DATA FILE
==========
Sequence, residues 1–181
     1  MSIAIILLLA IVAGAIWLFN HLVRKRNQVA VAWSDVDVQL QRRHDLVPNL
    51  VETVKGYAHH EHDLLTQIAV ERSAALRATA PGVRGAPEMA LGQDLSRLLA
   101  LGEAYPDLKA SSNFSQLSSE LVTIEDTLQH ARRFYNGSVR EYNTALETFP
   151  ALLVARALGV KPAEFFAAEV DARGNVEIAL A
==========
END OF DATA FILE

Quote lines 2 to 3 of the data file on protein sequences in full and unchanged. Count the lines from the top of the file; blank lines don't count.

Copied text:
     1  MSIAIILLLA IVAGAIWLFN HLVRKRNQVA VAWSDVDVQL QRRHDLVPNL
    51  VETVKGYAHH EHDLLTQIAV ERSAALRATA PGVRGAPEMA LGQDLSRLLA